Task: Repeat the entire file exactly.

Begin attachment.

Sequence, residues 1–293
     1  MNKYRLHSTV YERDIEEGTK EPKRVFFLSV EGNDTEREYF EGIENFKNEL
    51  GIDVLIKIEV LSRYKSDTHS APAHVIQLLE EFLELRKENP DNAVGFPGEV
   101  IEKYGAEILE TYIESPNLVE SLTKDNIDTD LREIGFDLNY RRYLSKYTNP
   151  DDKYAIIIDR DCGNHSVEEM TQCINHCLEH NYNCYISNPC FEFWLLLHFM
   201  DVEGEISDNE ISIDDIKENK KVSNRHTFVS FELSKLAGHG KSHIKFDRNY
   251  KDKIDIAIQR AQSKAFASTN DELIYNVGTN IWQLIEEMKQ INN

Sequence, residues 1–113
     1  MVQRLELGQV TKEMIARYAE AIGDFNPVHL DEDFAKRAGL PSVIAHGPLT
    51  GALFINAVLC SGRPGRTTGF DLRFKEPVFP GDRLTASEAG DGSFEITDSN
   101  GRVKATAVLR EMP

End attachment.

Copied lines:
Sequence, residues 1–293
     1  MNKYRLHSTV YERDIEEGTK EPKRVFFLSV EGNDTEREYF EGIENFKNEL
    51  GIDVLIKIEV LSRYKSDTHS APAHVIQLLE EFLELRKENP DNAVGFPGEV
   101  IEKYGAEILE TYIESPNLVE SLTKDNIDTD LREIGFDLNY RRYLSKYTNP
   151  DDKYAIIIDR DCGNHSVEEM TQCINHCLEH NYNCYISNPC FEFWLLLHFM
   201  DVEGEISDNE ISIDDIKENK KVSNRHTFVS FELSKLAGHG KSHIKFDRNY
   251  KDKIDIAIQR AQSKAFASTN DELIYNVGTN IWQLIEEMKQ INN

Sequence, residues 1–113
     1  MVQRLELGQV TKEMIARYAE AIGDFNPVHL DEDFAKRAGL PSVIAHGPLT
    51  GALFINAVLC SGRPGRTTGF DLRFKEPVFP GDRLTASEAG DGSFEITDSN
   101  GRVKATAVLR EMP